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Corporate Perspective published on June 28, 2019

Tech Spends Big on Stock Buybacks, but What Gives for Bondholders?

With the implementation of corporate tax reform in 2018, much has been written about the repatriation of foreign cash onto U.S. soil and the potential impact on investment grade (IG) corporate bond performance. The Technology sector was one of the biggest beneficiaries of repatriated foreign cash.1 Like most companies in the IG space, Tech names used their cash windfall mostly for shareholder rewards, although debt issuance has materially dropped.2 However, we think Tech’s return of cash to shareholders may not be as detrimental to its credit profile as the action would be in other sectors. This is particularly important given rising concerns about the pace of U.S. growth.

Prior to tax reform, Tech companies funded buybacks primarily by issuing debt, partly due to the low-rate environment but primarily to avoid paying taxes on the repatriated cash. However, following tax reform, companies were able to tap repatriated cash to buy back shares. Between the new inflows of repatriated cash and the ongoing strong cash flows in the sector, many Tech companies were able to continue aggressive buybacks without issuing new debt or refinancing existing debt.

Figure 1 shows that debt issuance in Tech has fallen $74 billion from the first half of 2017 through the second half of 2018 – the most significant drop in issuance among all sectors. At the same time, among S&P 500 companies, the dollar value of buybacks increased the most in the Tech sector over the same time period as the ample cash has allowed Tech companies to return cash to shareholders without issuing debt.3 Gross debt leverage in the sector has strengthened from 2.28 times at the end of 2017 to 1.93 times at the end of 1Q19.4 However, net leverage has weakened from -0.16 times to 0.4 times over the same time period, driven by repatriated cash being used for share repurchases. That said, net leverage for the Tech sector remains much lower than other IG sectors.5


In recent examples of buybacks, Apple spent $86 billion on share buybacks and dividends in the 12 months ending March 31, 2019, versus $45 billion spent in fiscal 2017 prior to tax reform. In 2018, the company authorized an additional $100 billion under its buyback program, for a total of $310 billion. However, with more than $100 billion in net cash on the company`s balance sheet and $60 billion in annual free cash flow, Apple has been able to continue its buyback program without issuing additional debt.

Of course, Apple’s cash balance is an outlier in the IG space. While the up-in-quality IG Tech sector has, in our view, a generally improving credit profile, each company’s spending must be analyzed individually. For example, Cisco, a company that has had a generous buyback program (with net buybacks totaling $44 billion in aggregate over the past five years, ending April 30, 2019) is also able to comfortably service its existing authorization, given strong free cash flows and a hefty cash balance from repatriation. Meanwhile, Oracle has seen its net leverage increase from -0.5 times to 1.1 times over the past two years, ending May 31,2019, primarily due to large buybacks and dividends.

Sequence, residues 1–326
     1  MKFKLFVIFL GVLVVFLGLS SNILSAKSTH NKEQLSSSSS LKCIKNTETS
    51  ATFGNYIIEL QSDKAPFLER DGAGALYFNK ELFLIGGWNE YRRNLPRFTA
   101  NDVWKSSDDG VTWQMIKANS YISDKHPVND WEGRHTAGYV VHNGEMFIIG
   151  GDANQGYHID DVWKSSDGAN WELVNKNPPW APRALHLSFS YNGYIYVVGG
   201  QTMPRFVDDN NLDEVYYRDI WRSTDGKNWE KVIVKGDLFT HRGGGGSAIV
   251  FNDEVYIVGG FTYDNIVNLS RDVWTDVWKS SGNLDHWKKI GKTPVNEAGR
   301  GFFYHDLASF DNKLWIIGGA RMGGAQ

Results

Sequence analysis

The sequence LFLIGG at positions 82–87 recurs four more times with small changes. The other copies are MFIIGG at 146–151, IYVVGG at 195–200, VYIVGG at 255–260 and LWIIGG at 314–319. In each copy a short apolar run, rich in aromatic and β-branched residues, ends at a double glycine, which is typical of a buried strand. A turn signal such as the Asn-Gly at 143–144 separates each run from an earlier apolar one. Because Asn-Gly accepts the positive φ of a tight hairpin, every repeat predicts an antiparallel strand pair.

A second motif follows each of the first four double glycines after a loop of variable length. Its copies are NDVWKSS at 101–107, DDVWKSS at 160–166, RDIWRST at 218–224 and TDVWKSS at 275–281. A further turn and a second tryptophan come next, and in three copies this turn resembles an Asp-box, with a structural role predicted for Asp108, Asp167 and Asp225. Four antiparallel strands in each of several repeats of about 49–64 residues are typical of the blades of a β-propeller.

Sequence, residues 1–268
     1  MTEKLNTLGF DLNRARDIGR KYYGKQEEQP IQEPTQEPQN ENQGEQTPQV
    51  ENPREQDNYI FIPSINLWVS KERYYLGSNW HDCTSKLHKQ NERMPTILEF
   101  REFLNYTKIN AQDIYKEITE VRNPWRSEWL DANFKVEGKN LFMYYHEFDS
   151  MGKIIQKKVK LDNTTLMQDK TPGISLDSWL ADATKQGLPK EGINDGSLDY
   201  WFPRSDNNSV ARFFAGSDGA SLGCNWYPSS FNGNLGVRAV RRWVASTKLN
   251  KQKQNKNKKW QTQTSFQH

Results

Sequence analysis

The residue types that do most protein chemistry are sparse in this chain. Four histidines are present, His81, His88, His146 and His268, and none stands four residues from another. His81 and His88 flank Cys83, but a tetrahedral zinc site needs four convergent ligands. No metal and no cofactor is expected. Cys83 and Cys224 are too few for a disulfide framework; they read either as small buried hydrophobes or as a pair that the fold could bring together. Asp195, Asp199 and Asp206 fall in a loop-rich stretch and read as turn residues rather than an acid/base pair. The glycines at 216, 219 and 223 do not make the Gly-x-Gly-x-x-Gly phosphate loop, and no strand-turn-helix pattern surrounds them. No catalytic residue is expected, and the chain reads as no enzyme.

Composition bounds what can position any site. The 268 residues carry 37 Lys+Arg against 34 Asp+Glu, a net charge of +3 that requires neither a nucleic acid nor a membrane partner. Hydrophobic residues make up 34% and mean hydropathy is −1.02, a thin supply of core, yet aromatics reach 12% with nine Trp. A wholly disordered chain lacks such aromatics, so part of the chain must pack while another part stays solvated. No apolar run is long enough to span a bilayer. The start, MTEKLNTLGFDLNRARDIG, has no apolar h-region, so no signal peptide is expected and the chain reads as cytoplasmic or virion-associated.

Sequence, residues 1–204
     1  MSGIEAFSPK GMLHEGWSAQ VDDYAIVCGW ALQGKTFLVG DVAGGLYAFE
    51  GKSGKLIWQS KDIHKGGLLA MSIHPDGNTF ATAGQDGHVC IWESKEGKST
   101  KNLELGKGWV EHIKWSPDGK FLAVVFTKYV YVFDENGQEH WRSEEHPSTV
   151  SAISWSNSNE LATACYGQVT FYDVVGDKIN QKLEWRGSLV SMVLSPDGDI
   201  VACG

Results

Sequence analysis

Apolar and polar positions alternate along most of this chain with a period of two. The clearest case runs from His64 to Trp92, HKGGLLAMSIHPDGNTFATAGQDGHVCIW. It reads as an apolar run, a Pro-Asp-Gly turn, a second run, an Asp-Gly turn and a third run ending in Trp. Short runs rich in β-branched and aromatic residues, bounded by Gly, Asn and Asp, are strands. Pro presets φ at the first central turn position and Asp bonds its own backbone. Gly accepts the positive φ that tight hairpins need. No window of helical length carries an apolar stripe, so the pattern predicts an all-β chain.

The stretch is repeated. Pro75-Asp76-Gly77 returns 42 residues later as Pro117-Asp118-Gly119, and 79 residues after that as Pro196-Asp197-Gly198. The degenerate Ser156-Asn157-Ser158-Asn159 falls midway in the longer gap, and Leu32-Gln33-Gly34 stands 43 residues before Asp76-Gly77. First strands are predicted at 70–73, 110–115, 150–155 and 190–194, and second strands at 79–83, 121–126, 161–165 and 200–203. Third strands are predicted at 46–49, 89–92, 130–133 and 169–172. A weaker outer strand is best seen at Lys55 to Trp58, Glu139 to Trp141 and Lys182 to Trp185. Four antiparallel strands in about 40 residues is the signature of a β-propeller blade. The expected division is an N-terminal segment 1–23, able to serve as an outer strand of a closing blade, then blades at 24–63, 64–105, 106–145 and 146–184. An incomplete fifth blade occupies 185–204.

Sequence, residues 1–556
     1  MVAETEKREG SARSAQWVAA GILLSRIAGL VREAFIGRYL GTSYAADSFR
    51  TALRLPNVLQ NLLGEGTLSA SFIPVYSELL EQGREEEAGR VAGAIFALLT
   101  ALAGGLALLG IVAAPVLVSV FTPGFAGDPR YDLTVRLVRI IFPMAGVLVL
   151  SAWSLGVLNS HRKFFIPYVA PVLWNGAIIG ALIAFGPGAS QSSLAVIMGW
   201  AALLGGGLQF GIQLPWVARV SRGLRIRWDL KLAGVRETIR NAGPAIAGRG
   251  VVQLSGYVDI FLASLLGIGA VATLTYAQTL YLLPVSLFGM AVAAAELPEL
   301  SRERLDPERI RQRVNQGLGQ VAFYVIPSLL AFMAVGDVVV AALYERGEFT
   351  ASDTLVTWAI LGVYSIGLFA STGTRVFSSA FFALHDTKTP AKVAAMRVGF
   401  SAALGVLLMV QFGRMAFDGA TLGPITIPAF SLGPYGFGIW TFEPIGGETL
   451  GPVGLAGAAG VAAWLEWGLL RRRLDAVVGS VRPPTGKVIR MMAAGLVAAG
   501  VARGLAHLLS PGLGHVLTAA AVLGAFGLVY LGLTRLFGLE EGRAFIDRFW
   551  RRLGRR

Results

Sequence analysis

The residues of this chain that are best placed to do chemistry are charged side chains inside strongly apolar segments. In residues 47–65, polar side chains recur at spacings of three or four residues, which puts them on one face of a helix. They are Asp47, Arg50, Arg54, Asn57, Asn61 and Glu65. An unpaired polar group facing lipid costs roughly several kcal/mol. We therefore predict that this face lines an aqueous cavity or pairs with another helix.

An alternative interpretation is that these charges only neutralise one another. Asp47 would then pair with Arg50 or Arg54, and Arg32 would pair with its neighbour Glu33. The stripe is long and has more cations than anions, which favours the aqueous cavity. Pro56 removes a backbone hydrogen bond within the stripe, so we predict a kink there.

Cash Is Still King

In general, even though the Tech sector is largely using repatriated cash to buy back shares, we think that repatriation has increased financial flexibility in the sector. We have noted that despite some deleveraging, elevated debt leverage in IG credit, partly driven by high levels of buybacks and dividends, could be problematic if U.S. economic growth softens (see Corporate Bond Market Outlook Q1 2019). In our view, the Tech sector’s strong cash position may make it more resilient to any pullback in the macro environment versus other IG sectors.

In addition, the sizable cash positions in the sector help to offset some of the risks, such as data privacy concerns, anticompetitive behavior among large companies with big market share and the increasing importance of innovation. The strong free cash flow generation can help companies in the sector pay regulatory fees or fund R&D for opportunities in growth areas. Finally, ongoing business spending on software helps support the longevity of free cash flows for companies in that space.

We continue to monitor the Tech sector and seek opportunities to capitalize on the overall strong cash flows and limited need to issue debt to fund share buybacks versus other sectors. However, we recognize that each company presents its own set of risks, and thorough credit research is required.


Company specific financial information, such as buyback, dividends and leverage, were obtained from the company's public filings.

[1] Of the 20 S&P 500 Index stocks with the highest overseas cash (post-tax) as a percentage of market cap, 11 are within the Information Technology sector. Information Technology accounts for 70 percent of taxable cash held overseas, including 23 percent from Apple Inc. alone. Source: Goldman Sachs, September 25, 2017, just before the passage of the Tax Cuts and Jobs Act in December 2017.

[2] Barclays, as of June 14, 2019.

[3] S&P Dow Jones Indices

[4] Bloomberg Intelligence, as of April 16, 2019

[5] Bloomberg Intelligence, as of April 16, 2019

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